• Acts 7:51-8:40
  • Acts 7:51 – Stephen accuses them of resisting the Holy Spirit. The terms “Holy Spirit” or “Spirit” were often used interchangeably with the message from the Spirit, or the prophet carrying that message.

Reference to the “Spirit”

Another way of saying it

“You gave Your good Spirit to instruct them” (Nehemiah 19:20)

“You…admonished them by Your Spirit through Your prophets” (Nehemiah 9:30)

“the Holy Spirit foretold” (Acts 1:16)

“Scripture…by the mouth of David” (Acts 1:16)

“You…are always resisting the Holy Spirit” (Acts 7:51)

“argued with Stephen…the Spirit with which he was speaking” (Acts 6:9-10)

“God who gives His Holy Spirit to you” (I Thessalonians 4:8)

“word of God which you heard from us” (I Thessalonians 2:13)

“just as the Holy Spirit says, ‘Today if you…’” (Hebrews 3:7)

“saying through David… ‘Today if you…’” (Hebrews 4:7)

“the Holy Spirit also testifies…’This is the covenant’” (Hebrews 10:15)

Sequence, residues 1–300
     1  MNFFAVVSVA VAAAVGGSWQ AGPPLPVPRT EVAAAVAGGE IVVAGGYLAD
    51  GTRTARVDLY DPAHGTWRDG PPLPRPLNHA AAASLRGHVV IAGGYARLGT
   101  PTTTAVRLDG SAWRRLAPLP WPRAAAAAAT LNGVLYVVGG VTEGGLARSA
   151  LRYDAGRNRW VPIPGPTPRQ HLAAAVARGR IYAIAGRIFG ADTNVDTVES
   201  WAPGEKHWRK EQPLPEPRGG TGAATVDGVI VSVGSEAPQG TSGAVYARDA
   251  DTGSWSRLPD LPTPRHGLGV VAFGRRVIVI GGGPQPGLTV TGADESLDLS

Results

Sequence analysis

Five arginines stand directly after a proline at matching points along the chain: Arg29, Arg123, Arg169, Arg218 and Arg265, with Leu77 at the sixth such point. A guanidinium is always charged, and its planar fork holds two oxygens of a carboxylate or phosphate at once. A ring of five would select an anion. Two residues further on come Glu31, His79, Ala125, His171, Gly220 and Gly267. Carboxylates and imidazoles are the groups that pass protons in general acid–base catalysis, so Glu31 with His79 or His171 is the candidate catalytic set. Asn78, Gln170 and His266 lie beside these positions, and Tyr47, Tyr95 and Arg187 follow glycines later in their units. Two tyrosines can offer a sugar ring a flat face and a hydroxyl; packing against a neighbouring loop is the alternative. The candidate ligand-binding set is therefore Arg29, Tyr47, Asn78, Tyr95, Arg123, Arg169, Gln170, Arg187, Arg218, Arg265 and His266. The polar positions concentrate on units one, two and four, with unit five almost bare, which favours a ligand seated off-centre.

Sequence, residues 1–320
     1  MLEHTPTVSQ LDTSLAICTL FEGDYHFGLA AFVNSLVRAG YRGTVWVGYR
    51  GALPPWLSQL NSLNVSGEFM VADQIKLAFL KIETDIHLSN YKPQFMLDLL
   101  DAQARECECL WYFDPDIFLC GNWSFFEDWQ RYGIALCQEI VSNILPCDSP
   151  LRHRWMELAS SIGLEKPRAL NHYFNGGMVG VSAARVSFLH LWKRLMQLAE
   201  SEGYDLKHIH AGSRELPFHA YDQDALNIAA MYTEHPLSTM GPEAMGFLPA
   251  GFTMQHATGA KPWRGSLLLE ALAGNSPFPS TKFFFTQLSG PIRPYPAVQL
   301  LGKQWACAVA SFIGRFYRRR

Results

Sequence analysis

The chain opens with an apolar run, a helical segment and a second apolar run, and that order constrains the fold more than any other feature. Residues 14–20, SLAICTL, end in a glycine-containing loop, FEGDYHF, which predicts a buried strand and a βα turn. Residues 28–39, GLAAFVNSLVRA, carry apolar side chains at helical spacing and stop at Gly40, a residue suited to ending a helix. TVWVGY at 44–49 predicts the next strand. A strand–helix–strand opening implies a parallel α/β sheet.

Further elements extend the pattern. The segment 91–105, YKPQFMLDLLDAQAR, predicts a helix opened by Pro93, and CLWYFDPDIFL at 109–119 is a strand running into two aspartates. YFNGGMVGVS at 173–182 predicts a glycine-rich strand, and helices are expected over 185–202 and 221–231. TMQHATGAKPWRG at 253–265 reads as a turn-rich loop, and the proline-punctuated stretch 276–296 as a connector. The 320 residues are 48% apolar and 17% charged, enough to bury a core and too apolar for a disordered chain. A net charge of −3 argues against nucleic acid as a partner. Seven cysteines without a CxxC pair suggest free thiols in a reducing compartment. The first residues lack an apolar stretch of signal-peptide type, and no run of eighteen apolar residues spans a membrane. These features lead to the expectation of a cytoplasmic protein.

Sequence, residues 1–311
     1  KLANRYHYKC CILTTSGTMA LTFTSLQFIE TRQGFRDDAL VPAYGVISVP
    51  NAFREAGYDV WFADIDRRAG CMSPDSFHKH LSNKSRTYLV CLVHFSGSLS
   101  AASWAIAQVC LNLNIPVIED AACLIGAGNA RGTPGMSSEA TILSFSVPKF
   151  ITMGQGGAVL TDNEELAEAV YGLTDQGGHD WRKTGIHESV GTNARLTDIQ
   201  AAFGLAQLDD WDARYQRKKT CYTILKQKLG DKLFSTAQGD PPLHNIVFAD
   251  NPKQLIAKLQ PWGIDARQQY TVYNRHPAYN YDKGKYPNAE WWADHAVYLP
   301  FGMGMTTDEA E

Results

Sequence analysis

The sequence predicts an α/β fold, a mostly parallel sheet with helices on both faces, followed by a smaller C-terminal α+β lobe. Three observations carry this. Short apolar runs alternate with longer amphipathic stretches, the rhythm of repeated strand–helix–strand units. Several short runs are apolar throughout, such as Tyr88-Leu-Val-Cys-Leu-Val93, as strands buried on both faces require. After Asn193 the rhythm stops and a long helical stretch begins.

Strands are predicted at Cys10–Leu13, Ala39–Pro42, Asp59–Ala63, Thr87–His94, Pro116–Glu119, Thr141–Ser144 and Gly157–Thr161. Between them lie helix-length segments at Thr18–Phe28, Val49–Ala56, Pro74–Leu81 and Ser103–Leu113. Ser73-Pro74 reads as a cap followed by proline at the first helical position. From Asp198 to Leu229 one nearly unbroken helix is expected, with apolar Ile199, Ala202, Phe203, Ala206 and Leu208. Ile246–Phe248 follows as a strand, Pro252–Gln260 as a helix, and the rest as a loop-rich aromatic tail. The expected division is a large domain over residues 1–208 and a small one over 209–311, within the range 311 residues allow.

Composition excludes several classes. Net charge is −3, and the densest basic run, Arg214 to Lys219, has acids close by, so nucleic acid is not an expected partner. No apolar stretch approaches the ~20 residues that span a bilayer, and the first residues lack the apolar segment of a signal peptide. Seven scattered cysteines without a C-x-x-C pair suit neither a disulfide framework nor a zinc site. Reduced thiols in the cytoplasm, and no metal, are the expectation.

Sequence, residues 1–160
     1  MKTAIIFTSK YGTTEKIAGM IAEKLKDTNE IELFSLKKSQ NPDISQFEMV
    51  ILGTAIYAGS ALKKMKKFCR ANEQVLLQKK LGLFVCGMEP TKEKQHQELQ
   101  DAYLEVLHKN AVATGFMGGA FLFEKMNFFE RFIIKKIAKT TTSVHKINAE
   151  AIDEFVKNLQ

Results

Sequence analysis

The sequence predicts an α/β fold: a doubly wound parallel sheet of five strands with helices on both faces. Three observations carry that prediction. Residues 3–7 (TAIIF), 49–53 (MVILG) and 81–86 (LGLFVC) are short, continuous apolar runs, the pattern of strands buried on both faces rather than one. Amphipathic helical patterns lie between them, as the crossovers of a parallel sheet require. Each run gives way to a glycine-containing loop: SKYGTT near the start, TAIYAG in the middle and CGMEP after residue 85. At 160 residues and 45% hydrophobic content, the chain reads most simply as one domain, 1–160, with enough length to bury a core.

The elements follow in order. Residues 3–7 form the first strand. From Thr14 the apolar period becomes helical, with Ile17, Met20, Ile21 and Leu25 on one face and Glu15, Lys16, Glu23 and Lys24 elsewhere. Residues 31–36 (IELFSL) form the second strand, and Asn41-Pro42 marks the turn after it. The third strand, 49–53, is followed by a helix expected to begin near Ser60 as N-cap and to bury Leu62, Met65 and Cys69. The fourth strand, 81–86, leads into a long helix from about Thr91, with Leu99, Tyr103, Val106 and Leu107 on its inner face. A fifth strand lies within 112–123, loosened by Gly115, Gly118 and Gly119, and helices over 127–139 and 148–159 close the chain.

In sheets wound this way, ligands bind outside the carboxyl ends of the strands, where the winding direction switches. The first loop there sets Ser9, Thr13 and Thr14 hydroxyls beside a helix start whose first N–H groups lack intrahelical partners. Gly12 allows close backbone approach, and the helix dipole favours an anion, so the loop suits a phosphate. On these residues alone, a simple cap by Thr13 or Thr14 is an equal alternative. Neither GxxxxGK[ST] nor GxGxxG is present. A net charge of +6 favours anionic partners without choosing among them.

“The words of Jeremiah…this is the covenant…” (Jeremiah 1:1; 31:33)

“let him hear what the Spirit says to the churches” (Revelation 2:7)

“John…’Write in a book’” (Revelation 1:9-10)

  • Acts 8:5 – Philip went to Samaria to preach. Race and skin color made no difference to him. Race means nothing to God, and it shouldn’t mean anything to us!
  • Acts 8:19-24 – This is a good example of what we should do if we have been baptized and then sin. We should repent and pray. This also directly contradicts the Calvinist view of “once saved, always saved.”
  • Acts 8:27 – Candace was the title for the queen, like the title Pharaoh. The eunuch was evidently a proselyte who had traveled quite a long way to worship in Jerusalem.
  • Acts 8:16-17 – Spiritual gifts were given by the apostles laying hands on them. Everyone who was baptized did not receive the Holy Spirit just because they were baptized.
  • Acts 8:5, 35 – Preaching Jesus implies teaching baptism!
  • Acts 8:37 – Those who study manuscript evidence tells us that there is little reason to believe that Acts 8:37 was in the original since it was not in most of the ancient manuscripts. It appears to be a case of “scribal gap-filling” (Philip Comfort, New Testament Text and Translation Commentary, p. 363). Erasmus included it in his Greek New Testament (1500s) based “on a marginal reading in codex 4.” That became part of the Received Text (Textus Receptus), which is how it came to be included in the King James Version. But even if this verse wasn’t part of the original inspired text, it doesn’t change our understanding of the necessity of confessing our faith (Romans 10:9-10).